This series of blogs is based on a talk I gave at Wellington College earlier this year. The first was on the purpose of history, the second looked at the case against Black History Month by highlighting its roots in scientific racism.
In this third blog I will focus on the impact of Black History Month. In terms of individuals, one of the core claims, that it would impact positively on black people has yet to be substantiated. It is assumed to be a good in itself and I think it is time to challenge that belief.
In the US, it has fed identity politics. Initially, black was much like “of colour” is now – a generic term for non-white people. Now the focus of Black History Month is exclusively on the history of Black/African Americans.
This narrowing in scope has led to other groups demanding that their histories also be given special status.
In a country of immigrants, it was inevitable that those from white immigrant communities would seek to have their heritage validated too.
Given the seismic ructions that occurred in the US during the civil war, well it was only inevitable that there would be a…
I didn’t even cover the full list. The only thing more farcical than Confederate History Month is the fact that there are more history months than there are months in the year.
In the UK, Black History Month has slowly gone down the same route as in the US from a generic meaning of black to a specific focus on black people from the Afro-Caribbean diaspora. Recent events at Kent University show that we are further down the road than I had thought. Zayn Malik’s inclusion on a poster for Black History Month was criticised for being culturally insensitive and Kent Union backed down even though they had consulted on these posters initially. Black means black and Zayn will have to wait for Asian History Month to be celebrated.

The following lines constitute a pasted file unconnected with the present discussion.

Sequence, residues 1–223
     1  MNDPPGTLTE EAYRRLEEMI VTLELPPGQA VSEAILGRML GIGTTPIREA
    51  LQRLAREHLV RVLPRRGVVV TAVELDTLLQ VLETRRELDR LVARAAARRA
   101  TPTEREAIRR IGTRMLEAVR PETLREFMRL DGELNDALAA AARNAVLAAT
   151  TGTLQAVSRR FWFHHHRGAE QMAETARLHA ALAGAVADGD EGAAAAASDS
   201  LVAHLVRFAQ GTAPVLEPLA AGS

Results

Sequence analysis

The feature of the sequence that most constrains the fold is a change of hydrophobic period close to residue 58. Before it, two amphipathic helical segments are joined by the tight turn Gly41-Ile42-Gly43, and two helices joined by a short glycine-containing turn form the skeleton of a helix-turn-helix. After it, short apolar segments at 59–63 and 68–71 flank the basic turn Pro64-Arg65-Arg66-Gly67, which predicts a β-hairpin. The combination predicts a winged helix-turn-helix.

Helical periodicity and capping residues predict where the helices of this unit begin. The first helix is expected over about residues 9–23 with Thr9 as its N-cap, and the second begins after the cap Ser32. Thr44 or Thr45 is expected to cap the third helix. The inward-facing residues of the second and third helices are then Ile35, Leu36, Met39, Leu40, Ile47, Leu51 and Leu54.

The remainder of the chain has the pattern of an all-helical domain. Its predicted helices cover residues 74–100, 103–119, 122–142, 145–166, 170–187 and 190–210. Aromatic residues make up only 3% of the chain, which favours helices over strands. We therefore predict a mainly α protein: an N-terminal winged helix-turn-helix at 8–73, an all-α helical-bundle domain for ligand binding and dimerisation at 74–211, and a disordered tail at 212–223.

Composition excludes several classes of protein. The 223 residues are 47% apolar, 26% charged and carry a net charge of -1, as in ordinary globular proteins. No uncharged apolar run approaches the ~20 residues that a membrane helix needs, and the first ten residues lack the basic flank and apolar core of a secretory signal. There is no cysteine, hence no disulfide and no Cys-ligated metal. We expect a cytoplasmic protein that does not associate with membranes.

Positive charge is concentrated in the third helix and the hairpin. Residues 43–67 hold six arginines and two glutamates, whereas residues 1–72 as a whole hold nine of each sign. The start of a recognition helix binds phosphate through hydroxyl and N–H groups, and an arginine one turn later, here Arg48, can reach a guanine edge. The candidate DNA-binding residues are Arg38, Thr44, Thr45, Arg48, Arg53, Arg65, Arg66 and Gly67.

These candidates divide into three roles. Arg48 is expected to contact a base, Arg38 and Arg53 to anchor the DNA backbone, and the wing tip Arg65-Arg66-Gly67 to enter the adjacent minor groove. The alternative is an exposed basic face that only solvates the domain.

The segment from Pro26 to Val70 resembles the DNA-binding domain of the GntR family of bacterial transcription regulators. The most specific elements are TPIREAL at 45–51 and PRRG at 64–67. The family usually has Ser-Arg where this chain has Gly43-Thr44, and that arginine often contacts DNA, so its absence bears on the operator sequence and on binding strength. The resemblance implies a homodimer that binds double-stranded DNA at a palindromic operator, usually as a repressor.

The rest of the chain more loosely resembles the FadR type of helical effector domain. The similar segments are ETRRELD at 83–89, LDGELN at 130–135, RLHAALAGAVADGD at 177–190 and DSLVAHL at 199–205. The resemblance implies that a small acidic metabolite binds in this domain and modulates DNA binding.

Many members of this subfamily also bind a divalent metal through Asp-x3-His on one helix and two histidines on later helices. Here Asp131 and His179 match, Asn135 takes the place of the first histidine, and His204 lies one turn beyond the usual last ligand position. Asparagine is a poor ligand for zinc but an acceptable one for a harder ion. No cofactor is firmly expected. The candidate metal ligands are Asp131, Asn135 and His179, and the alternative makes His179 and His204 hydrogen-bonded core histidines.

The saddest thing about the continued existence of Black History Month in the UK is that the 1988 history curriculum already included a wide range of histories of different people at different points in time. It is worth asking why a largely left-wing, anti-racist profession was unable to make the curriculum more inclusive given that it had the opportunity to do so. Why did they prefer to teach Black History Month instead of incorporating new units?
In the absence of research I think that the likely explanations are:
a) many anti-racists are simply adding a label to their lapel but don’t mean it,
b) conflict mongers will never be satisfied with a curriculum that doesn’t emphasise the conflictual elements of black and white history. It certainly struck me that there were some black and white colleagues who seemed hellbent on teaching the most conflictual elements of black/white history with no depth, no comparison or balance in terms of the accounts taught. I think we can put this firmly in the “radical history” model, or as I like to see it, grievance mongering.
c) it was easier to stick with units that were known,
d) there was genuine opposition to the new units (though it would be interesting to know from who and why).